I have a bathroom that was last upgraded in the 1980’s by previous owners. Am renovating with an eye to future sale. There is a shower door with shiny brass trim that is in great shape. Realtor suggested ripping the door out and replacing with a curtain, as she has seen on Pinterest, but this is the junior ensuite bedroom and not the primary, likely to be used by a kid. As a parent I cringe at the idea of their having a curtain and prefer a door to keep the water in, not to mention the issue of the holes left in the plastic walls of the shower where the door is screwed in. Is there a way to dull down the brass to look more like the brushed brass faucet that I am going to put on the sink? From looking at real estate listings of flips, the warm fixtures in brushed brass are trending, as long as they are not done in a 1980’s way making them look dated.
This is an answer to the question you didn’t ask. Retrofitting a shower tub with sliding doors in a rental, we removed the doors and the frame because they were so horribly pitted and unsalvageable. Yes, we were left with holes in the plastic (Fiberglas) insert.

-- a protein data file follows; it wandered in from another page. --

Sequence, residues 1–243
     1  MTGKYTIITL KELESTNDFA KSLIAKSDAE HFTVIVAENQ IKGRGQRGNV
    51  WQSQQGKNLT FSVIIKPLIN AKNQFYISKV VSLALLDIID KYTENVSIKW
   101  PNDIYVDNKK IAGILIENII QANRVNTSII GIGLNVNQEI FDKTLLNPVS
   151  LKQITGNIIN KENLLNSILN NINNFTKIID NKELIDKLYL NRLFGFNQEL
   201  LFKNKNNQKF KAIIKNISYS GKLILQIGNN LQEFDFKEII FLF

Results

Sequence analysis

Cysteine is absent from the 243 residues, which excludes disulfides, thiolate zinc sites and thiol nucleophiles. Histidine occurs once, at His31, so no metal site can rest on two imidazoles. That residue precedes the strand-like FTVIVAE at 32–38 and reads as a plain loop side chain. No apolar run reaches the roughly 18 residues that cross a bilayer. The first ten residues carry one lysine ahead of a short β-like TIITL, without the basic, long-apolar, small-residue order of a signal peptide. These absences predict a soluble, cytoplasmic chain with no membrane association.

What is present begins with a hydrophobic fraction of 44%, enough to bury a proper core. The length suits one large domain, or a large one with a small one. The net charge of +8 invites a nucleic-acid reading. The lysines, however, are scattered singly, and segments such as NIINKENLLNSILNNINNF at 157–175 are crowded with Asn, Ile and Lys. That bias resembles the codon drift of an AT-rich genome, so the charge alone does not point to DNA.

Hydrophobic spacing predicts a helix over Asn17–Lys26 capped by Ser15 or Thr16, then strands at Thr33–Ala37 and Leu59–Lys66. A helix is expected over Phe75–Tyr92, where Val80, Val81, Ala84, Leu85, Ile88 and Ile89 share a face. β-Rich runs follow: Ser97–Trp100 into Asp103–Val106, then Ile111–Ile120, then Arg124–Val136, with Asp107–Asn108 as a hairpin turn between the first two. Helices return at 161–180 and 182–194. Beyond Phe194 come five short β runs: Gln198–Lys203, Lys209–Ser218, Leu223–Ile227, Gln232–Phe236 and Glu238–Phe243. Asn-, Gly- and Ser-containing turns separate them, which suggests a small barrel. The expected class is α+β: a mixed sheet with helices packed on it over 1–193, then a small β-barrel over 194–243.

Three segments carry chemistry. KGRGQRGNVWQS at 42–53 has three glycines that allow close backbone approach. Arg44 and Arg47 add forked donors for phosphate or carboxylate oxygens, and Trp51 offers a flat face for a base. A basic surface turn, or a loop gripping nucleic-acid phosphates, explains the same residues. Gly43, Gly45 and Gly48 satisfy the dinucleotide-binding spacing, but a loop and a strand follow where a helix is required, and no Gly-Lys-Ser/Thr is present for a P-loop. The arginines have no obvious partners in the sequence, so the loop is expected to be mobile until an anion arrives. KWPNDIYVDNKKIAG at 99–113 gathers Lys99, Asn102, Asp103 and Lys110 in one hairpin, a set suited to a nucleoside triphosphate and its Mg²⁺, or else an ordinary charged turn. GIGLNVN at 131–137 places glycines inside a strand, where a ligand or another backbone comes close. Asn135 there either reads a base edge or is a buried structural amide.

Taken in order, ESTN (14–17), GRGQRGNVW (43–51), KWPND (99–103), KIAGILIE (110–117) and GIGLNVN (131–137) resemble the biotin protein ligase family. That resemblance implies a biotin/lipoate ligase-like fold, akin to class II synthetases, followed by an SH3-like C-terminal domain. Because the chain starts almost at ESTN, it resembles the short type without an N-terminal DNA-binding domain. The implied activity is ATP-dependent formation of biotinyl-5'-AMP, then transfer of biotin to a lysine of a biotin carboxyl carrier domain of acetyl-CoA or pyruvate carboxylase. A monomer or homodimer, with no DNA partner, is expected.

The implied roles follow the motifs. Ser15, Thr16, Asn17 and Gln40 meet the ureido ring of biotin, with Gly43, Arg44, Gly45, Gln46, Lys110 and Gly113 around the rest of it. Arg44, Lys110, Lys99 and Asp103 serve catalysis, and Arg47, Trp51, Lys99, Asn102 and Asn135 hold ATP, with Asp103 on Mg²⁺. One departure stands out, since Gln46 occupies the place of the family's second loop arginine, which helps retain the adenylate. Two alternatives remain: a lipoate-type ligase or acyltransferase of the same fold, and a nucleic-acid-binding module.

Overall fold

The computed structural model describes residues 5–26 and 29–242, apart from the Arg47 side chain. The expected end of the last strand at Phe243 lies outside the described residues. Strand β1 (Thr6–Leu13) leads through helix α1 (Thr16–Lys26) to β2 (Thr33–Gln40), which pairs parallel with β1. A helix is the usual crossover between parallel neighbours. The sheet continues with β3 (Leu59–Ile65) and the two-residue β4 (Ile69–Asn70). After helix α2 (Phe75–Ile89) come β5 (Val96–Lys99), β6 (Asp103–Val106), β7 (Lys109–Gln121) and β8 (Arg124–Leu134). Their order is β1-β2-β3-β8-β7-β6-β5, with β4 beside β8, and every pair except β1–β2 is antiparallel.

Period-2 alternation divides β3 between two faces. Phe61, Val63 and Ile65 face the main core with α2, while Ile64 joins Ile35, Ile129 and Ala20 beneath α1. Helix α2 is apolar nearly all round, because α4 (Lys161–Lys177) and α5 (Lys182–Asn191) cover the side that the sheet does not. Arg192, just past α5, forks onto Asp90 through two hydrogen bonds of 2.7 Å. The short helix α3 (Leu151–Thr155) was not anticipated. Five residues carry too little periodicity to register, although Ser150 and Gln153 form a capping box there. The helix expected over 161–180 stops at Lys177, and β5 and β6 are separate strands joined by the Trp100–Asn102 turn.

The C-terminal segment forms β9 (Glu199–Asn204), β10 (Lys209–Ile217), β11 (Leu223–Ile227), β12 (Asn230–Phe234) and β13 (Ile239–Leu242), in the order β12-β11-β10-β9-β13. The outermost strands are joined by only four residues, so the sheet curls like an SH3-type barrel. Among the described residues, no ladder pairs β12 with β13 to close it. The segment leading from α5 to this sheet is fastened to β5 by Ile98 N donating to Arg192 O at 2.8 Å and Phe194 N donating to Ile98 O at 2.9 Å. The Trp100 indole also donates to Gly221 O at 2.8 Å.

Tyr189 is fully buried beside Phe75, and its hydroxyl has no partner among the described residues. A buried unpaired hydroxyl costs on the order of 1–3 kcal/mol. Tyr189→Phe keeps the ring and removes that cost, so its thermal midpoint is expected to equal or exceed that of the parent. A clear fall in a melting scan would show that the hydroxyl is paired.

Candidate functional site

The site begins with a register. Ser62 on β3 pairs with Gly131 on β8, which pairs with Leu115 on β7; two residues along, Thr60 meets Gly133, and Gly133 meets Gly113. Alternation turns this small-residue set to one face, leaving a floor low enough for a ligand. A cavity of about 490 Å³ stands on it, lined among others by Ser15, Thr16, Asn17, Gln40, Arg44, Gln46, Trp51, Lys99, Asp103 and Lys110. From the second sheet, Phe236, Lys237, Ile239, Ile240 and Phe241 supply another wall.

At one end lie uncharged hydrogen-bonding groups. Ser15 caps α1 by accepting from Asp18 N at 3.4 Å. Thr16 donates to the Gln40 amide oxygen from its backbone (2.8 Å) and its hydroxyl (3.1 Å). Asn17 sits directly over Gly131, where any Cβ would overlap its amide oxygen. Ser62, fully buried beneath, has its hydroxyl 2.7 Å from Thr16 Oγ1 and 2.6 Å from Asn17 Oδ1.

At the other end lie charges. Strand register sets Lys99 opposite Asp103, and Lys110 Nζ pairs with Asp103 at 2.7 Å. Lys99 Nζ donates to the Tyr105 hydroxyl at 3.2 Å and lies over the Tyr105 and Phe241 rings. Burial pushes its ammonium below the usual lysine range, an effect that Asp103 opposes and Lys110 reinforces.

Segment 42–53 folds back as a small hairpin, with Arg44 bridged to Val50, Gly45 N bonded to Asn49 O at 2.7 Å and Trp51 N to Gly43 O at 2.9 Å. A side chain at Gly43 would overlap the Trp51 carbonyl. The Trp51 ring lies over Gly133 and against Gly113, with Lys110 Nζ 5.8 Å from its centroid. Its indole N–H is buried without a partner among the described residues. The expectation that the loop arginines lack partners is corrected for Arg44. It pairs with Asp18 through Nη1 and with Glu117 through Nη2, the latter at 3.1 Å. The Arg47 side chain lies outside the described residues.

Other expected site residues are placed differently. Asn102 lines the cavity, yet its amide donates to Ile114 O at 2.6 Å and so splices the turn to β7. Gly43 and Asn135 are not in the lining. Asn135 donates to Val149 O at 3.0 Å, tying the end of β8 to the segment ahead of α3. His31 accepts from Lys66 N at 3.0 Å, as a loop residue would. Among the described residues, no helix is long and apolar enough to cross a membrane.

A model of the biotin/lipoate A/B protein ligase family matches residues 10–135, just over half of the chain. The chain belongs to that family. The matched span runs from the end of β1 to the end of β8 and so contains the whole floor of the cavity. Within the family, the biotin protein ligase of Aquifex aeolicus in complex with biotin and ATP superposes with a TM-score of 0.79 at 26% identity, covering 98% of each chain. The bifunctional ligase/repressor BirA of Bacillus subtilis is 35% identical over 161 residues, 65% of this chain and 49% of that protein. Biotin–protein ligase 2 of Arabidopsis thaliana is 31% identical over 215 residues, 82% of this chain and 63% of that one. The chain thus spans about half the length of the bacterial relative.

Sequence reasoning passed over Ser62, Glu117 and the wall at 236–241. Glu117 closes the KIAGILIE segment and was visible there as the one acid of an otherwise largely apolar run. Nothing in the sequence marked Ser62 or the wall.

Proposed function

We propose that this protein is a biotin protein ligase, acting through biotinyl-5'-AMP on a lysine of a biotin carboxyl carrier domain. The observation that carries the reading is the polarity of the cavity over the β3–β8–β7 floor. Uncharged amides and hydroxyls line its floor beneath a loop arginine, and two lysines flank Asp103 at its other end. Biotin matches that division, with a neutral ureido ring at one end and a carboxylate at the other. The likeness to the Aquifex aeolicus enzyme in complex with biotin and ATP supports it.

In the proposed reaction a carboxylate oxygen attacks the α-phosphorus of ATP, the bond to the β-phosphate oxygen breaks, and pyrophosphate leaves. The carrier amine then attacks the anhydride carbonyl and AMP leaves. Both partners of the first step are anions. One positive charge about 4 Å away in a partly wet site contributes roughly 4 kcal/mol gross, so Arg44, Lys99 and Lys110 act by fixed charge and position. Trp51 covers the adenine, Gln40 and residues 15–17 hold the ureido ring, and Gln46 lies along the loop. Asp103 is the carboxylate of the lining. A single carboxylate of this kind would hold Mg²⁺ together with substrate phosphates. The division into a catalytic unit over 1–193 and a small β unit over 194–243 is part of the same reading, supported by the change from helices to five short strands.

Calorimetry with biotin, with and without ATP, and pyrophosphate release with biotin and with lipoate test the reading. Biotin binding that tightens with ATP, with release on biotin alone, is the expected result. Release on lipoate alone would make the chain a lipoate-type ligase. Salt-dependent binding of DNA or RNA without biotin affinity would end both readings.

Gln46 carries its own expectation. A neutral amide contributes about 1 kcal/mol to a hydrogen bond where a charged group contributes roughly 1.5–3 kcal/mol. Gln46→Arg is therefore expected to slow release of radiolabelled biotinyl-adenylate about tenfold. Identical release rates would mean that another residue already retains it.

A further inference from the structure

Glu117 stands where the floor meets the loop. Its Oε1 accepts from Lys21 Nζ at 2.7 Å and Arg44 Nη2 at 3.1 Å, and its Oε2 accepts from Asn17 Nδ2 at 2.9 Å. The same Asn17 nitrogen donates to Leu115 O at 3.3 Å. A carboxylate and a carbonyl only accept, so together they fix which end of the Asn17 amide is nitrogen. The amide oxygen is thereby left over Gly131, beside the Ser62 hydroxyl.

I found some aluminum “transition”, i.e. “rug to wooden floor” and installed it as decorative trim, vertically, over the holes and it looked fine. Used stainless lath screws in the locations where the transition was pre drilled; filled the existing holes from the previous shower door frame. Caulked lightly, screwed down, all good.
Or you might consider painting the trim. It won’t last forever but it can be good for many years; prepare by lightly scratching the existing finish (high grit sandpaper), tape off withi blue painters’ tape, spray and let dry and cure for several days before use. You can get all kinds of brass-like finish out of a spray can.
Last option, try spraying a “satin finish” polyurethane finish on the frame (same deal: tape it off, multiple coats) and perhaps that will “dull” the finish enough.
I found an article on painting the hardware: The Best Metallic Silver Spray Paint Interesting idea, as is aging the hardware, though it’s hard to tell from the article if this was good brass or just brassy: How To Age Brass in Less Than 5 Minutes One technique she used was to simply take very fine sandpaper to it to give it a brushed look, but she then painted them over since she was looking for a change in color.